So I’ve been thinking about this problem. #deleteFacebook. There’s a simpler way. And a better way. It’s probably worth a lot. And someone should write it. It needs fleshing out, but here’s roughly how it would work.
Let’s start with the problem. At its core the issue is quite simple. Facebook is Big Brother. It’s a central database. It owns everyones information. That is a fundamental problem. And a huge problem. No entity that has this kind of information can ever be trusted. And no tweak or fix will work. But, it must be admitted that FB has many benefits. Rather than list them here, in short: you can stay in touch with a wide array of friends, and friends of friends. And you can ‘see what’s going on’. With all the benefits and disadvantages of that (and there are a few of the latter, as there are in social life).
So here’s the idea. Build a social network based on peer-to-peer technology*. Every user keeps their own data themselves in their own private cloud service (e.g. iCloud, Dropbox, on their own machine/device, or whatever service they use). And have their client (the App) ‘talk’ and connect to other clients that are ‘on-line’ of friends they are aware of. Those clients in turn can talk to other clients and thus establish in ‘real time’ a social network for the user. But importantly in this arrangement the user keeps complete control. Their data stays in their cloud. Their contacts are their’s and these App/client exchanges data with other user’s clients when on-line in a peer-to-peer sense.
This system and approach offers the vast majority of the functionality that FB does today. The functionality that people value, e.g. the news feed, sharing of updates, sharing of pictures, etc. But it would also allow users complete control – as their data stays with them. When online their network is established and ‘live’**. When off-line they are completely disconnected. A user could decide in real time and at any moment what to share and what to see. In essence what’s being described is like a large virtual cocktail party, with your App standing in for you. And the room spanning your entire contact list, and their contact list, and theirs***.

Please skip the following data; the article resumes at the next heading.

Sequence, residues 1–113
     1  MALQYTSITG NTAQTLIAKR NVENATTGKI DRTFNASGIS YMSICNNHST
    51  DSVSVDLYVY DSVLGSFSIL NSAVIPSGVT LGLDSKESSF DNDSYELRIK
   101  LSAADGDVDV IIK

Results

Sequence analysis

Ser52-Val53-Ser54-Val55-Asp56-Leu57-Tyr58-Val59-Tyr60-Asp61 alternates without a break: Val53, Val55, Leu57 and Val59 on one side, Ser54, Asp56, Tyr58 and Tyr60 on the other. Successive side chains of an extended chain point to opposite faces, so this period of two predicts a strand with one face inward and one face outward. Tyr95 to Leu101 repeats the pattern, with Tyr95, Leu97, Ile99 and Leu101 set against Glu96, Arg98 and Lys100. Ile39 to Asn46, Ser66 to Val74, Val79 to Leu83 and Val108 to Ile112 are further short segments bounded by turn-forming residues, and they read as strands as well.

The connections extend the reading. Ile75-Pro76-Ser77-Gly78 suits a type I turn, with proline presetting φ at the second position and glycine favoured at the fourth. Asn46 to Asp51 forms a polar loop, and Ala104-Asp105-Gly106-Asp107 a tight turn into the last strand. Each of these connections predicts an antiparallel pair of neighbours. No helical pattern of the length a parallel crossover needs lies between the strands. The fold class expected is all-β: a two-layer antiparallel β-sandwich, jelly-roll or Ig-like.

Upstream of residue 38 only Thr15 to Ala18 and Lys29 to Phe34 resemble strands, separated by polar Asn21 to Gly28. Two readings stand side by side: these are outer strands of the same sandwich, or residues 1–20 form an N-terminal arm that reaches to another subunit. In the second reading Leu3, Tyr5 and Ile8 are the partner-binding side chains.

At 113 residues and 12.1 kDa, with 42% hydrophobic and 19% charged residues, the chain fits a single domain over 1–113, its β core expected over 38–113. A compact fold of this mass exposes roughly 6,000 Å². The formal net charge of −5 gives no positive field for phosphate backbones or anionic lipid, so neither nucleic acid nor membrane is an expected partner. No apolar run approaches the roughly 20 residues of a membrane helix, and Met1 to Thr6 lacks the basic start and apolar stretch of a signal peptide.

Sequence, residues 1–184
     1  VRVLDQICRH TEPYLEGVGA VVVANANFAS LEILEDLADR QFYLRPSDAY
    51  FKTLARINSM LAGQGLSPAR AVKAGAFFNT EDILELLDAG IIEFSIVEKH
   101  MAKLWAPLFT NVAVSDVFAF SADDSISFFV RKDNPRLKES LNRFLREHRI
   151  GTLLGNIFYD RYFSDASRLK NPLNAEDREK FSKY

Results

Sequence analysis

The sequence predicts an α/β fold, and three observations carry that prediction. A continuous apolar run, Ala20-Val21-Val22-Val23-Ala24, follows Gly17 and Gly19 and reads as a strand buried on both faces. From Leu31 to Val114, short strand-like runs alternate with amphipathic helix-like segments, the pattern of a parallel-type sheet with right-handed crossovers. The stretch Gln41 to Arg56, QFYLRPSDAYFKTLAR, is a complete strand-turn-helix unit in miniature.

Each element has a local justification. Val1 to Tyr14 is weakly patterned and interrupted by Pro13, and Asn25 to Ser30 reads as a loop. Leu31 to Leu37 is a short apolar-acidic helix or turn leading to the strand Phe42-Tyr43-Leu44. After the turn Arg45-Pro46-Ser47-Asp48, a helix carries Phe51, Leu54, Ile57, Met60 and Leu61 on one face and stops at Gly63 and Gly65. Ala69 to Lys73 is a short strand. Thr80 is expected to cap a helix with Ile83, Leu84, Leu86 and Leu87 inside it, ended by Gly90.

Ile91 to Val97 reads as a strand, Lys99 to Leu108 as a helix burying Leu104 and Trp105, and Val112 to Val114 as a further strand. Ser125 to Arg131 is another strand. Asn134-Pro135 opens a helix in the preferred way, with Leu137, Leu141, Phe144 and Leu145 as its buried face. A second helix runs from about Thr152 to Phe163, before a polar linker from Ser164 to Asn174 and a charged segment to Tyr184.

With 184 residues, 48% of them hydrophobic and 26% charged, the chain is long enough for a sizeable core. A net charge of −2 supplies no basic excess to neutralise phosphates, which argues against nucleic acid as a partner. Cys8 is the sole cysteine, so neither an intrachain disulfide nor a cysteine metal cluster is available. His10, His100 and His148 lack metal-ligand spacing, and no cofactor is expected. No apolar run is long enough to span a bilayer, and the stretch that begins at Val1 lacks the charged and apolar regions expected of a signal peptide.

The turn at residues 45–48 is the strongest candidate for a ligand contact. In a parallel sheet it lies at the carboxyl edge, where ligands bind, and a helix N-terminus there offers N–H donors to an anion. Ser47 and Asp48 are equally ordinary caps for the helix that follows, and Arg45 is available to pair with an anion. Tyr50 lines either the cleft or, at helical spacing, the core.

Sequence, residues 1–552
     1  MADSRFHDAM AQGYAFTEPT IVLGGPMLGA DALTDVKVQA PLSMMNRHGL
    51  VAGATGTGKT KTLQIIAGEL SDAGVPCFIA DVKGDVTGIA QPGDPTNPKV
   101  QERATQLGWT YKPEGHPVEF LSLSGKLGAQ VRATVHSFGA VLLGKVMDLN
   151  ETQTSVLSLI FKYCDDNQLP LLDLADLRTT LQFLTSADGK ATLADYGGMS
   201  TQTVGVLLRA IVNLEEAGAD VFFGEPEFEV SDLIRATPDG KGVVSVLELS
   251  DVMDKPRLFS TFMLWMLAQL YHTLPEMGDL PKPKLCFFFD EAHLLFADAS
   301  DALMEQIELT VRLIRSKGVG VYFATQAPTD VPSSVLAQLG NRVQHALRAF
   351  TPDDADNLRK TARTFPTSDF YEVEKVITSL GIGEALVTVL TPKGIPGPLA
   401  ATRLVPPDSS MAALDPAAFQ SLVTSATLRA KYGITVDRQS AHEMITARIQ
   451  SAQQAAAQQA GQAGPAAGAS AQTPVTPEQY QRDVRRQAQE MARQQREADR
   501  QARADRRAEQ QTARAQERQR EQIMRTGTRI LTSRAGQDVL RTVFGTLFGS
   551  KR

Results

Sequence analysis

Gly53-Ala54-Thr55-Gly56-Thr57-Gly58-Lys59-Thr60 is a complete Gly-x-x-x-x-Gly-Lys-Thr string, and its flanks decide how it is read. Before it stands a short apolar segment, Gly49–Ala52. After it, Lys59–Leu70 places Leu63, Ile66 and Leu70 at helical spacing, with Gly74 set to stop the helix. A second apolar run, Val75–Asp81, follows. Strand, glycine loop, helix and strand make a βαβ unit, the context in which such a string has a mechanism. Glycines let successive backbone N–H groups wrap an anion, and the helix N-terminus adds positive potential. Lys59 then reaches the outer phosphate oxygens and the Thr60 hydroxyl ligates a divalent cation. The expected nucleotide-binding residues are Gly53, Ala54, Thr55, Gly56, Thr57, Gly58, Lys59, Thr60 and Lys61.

Implementing this program is not particularly complicated. It’s probably an interesting summer vacation project. The App can be built using pretty easy coding, and on top of existing cloud storage and peer-to-peer protocols. The key for this to work well is not technical. However it is key for this service to achieve network ‘economies’ of scale quickly.
These network economies of scale can be established in two ways. Firstly, the App when first set up should guide you through deauthorising your FB account. In the process, your data from FB that you value can be imported: the friends list and the photographs basically. Deauthorising is an involved step which many people can’t navigate through. And FB makes it hard because it threatens their business. So this App can help there. Once it’s imported your friends list and relevant data, it can simply send out invites to your friends (under your control) inviting them to this new network.
Secondly, the client App can be left on running in the background (persistently), keeping your network live, or switched off, as any given user desires. It would, obviously, offer the same features to post news to ones newsfeed (which is only public when you’re on-line) and messaging. And it’s completely under the users ownership and control.
What’s described is simple. It offers the benefits of FB. And it does away with Big Brother. Whoever does this first and manages such a land grab to get scale, with a compelling application, stands to do the world a big favor. There are also multiple business models that can be wrapped around this. On the other hand, it’s so simple to write — and a commercial model may be an impediment to uptake — it should probably be under the GNU license, with an open protocol for the client-to-client communications.
So there it is. A New Facebook. One that offers an alternative to what we have today. It puts the benefits of social networking back into users hands and under individual controls. That’s where it belongs.
– Carl J. Harris
* For those old enough to remember this, the architecture described is not new, it resembles the old Fidonet from the 1980s, or even dare I say it Napster. The App ‘talks to’ other Apps on line by other users in the given users own directory. And it’s only aware of them. It would be significantly easier to write these days given all the components above exist as modules and APIs.
** It’s perhaps worth mentioning that such an arrangement wouldn’t have been practical back in 2002–3 when FB was developed because the clients weren’t on-line frequently enough, so a central database was necessary for the network to hit critical mass. With connectivity today, that is no longer the case as most users are on-line most of the time, the data can be kept in their client. There is no need for a centralized database at all.
*** The depth of connections which the App ‘sees into’ and your App allows others to see into would be under your control.